Tuesday, August 29, 2006

Wines of the Bekaa

I wrote this last week after a trip to the Bekaa Valley. It originally appeared on the guardian blog. There are some pics to go with it but i'll have upload them later.

Message in a Bottle
Ramsay Short
The Guardian

Though Israel bombed economic targets, including dairies, bottling plants and even a chewing gum factory, all over the valley in its war with the Iranian-backed Hizbullah guerrillas, Lebanon's award-winning vineyards were spared.

"Ksara never stopped harvesting during the worst years of the civil war, and we would not have stopped now even if the ceasefire was not in place," says Charles Ghostine, Ksara's managing director.

And how could he? Sales of Lebanese wine in Europe and further afield soared during the recent conflict.

"Buying a bottle of Lebanese wine felt like you were supporting us here," agrees Ramzi Ghosn, co-owner of the French-Lebanese winery Massaya. "People wanted to show their solidarity with the Lebanese cause. And how better to do that than to buy a few bottles? A bottle of wine in Lebanon has its own message, one of tolerance and communication between cultures."

The problem now is getting all the new orders shipped out while Israel still blockades the ports. Ghosn estimates that the war cost Massaya between $5,000 and $8,000 a day. That figure is mounting by the hour, he says, as long as his shipments remain stuck at port.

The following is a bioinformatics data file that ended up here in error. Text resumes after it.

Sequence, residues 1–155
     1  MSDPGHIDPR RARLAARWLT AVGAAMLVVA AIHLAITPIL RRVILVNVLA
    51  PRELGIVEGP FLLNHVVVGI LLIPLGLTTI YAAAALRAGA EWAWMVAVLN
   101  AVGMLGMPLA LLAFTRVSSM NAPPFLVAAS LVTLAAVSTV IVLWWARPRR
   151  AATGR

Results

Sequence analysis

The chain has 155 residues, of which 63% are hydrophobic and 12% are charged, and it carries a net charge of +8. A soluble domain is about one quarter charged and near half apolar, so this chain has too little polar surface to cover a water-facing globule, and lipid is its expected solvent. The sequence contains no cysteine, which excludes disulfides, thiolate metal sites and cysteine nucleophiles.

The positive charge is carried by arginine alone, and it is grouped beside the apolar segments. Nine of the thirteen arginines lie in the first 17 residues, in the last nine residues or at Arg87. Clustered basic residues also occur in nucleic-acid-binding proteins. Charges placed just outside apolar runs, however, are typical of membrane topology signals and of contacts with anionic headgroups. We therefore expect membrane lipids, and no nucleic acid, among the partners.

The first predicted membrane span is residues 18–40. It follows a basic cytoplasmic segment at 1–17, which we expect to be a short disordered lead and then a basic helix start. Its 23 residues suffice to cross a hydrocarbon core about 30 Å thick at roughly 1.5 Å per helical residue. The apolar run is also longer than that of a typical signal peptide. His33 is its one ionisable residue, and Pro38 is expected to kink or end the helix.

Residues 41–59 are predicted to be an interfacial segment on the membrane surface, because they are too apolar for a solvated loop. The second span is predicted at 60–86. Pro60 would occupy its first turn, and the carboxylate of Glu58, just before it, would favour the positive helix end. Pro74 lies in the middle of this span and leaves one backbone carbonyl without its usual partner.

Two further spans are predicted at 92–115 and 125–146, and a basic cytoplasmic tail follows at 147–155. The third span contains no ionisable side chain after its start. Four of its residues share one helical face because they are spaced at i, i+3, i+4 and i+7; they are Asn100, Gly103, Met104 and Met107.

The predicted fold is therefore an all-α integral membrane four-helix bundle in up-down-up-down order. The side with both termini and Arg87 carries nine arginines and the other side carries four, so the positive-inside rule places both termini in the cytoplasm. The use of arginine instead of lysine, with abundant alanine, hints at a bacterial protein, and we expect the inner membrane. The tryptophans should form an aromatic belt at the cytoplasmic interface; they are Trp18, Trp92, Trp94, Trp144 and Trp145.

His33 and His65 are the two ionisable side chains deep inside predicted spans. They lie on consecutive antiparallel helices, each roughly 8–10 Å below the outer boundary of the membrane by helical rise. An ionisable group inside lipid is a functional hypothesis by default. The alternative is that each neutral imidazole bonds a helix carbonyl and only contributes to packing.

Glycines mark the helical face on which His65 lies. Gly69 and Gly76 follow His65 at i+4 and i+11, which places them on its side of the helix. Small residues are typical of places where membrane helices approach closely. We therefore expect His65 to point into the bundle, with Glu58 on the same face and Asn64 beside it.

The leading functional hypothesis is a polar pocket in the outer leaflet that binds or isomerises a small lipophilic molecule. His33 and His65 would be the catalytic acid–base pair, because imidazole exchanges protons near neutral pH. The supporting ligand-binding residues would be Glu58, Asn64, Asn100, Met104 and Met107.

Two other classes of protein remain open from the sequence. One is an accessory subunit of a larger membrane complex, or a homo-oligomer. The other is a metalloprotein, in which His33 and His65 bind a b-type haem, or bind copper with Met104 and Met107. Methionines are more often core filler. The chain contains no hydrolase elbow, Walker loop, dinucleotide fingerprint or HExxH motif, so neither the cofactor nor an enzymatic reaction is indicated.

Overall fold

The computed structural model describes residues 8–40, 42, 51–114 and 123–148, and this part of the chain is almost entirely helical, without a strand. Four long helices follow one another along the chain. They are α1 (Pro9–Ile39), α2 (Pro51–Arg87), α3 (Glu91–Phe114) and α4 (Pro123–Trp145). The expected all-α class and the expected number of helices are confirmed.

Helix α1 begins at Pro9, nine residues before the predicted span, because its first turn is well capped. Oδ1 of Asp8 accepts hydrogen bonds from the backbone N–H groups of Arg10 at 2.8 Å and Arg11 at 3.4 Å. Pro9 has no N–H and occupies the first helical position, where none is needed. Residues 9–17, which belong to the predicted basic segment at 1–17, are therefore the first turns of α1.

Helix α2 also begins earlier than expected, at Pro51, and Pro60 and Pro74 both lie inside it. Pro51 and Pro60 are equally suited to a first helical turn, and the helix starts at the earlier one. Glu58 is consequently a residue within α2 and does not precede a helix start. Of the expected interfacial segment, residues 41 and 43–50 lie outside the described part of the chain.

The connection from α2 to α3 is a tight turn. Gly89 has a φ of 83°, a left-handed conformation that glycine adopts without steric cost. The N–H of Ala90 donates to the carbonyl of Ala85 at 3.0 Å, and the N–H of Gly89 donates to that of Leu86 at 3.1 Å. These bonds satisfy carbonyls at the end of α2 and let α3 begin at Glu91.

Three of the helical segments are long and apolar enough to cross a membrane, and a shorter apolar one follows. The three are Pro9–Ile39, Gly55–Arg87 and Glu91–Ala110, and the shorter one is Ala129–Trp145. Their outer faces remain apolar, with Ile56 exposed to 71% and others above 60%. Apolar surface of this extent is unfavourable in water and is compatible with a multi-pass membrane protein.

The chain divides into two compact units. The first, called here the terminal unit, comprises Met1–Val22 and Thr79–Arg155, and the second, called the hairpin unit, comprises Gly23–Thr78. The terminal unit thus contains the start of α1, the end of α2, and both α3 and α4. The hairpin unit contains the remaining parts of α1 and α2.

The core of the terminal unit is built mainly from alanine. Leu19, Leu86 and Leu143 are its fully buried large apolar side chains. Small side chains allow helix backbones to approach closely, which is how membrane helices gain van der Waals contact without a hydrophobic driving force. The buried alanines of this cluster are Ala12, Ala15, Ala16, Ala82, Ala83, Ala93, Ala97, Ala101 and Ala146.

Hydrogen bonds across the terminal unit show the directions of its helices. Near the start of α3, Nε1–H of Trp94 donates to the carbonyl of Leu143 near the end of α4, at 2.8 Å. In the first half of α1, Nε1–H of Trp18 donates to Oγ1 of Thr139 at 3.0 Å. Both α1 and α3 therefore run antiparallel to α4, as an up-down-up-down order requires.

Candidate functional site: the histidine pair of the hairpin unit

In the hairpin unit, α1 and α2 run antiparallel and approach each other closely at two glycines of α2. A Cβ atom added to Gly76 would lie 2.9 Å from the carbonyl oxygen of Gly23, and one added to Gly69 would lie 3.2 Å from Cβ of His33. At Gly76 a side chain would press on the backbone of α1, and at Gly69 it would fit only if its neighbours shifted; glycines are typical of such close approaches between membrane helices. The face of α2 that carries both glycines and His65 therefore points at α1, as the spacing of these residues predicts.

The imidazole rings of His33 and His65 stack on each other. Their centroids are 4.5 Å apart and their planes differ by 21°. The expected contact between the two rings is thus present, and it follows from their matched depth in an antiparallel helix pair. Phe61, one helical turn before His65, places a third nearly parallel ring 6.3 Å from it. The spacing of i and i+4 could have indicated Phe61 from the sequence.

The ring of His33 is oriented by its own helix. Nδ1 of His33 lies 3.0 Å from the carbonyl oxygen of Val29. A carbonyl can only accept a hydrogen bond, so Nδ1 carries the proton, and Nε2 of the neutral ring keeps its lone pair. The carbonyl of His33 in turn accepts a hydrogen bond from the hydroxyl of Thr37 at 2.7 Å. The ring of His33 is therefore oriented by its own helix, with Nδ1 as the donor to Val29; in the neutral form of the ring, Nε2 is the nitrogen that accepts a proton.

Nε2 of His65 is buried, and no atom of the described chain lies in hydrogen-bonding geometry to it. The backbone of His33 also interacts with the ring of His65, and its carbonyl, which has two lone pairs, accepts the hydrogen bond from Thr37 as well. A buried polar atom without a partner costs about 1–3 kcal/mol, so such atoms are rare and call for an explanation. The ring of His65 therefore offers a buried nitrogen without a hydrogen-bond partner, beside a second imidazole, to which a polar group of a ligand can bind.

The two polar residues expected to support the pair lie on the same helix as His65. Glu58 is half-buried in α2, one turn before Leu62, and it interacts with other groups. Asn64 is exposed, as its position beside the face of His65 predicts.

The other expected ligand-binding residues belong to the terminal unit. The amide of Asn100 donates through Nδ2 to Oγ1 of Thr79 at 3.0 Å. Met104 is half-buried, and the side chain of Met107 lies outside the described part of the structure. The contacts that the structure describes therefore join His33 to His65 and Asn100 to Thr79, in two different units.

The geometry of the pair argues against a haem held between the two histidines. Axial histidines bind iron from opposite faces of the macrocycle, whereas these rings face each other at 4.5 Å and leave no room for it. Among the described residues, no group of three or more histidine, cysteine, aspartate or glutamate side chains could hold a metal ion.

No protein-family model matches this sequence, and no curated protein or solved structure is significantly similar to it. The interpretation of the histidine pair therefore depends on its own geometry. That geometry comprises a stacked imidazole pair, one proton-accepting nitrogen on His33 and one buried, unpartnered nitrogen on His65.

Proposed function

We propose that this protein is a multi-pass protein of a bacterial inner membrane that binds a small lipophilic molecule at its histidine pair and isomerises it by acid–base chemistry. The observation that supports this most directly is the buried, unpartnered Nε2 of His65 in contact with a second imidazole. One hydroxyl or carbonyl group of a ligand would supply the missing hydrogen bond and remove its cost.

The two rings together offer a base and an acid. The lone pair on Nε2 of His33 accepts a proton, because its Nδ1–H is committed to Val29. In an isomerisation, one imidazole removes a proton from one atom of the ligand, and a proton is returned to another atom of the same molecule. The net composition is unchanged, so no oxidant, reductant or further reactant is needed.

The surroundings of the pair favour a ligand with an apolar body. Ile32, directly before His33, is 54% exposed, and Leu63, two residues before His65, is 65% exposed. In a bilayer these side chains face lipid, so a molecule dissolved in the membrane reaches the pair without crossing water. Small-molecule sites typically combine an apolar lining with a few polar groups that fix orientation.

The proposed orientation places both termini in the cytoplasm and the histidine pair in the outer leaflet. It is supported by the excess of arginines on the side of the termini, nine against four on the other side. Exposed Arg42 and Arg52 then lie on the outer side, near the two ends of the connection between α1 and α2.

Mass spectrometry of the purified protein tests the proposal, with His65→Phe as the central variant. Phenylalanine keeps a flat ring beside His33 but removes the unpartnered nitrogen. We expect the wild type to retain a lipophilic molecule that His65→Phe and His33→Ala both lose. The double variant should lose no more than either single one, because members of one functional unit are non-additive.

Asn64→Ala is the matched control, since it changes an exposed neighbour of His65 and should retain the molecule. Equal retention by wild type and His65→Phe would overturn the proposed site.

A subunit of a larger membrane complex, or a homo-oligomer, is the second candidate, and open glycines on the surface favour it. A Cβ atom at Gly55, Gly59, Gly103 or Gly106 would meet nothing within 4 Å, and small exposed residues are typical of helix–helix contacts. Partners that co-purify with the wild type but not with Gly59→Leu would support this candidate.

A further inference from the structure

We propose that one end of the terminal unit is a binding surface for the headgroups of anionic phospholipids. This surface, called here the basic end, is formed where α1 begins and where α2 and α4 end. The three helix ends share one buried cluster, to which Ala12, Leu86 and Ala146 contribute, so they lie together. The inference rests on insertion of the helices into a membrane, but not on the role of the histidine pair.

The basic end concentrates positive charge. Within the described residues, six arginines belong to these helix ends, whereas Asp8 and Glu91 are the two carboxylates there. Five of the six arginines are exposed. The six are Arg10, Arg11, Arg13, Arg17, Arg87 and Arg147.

But Ghostine is more optimistic - as long as the peace holds. "We are considering sending out orders through Syria via the port of Latakia, even though it will cost $2,000 to $3,000 more per shipment. But we are the biggest winery in Lebanon and can handle such costs."

"We are blessed by God. It was a nightmare as we waited for the war to stop. Even now, most of our grape pickers who are Syrian have not returned, having fled the country, and we are using all the vineyard staff and local Bedouin to do the harvesting."

Lebanese wine production is tiny in international terms. Even Israel produces upwards of 11m bottles a year. But its market share abroad and growth in sales in increasing annually.

Ksara, which is also Lebanon's oldest vineyard, founded in 1857 by French Jesuit missionaries, produces 2m bottles of wine a year, of which half are for export, and had a turnover of $8.7m million in 2005. The young upstart Massaya makes 500,000 bottles a year, with 80% going abroad, and had a turnover of $1.8m (nearly £1m) last year. Between them, Lebanon's 12 winemakers produce between 6m and 8m bottles a year and export a total of 2.5m. If the harvest had not begun yesterday, the 2006 vintage might well have been lost.

Ksara aims to produce 2.7m bottles by the end of 2007, while the other elder statesmen of the Lebanese wine industry, Kefraya and Musar, are also increasing their number of vines and output.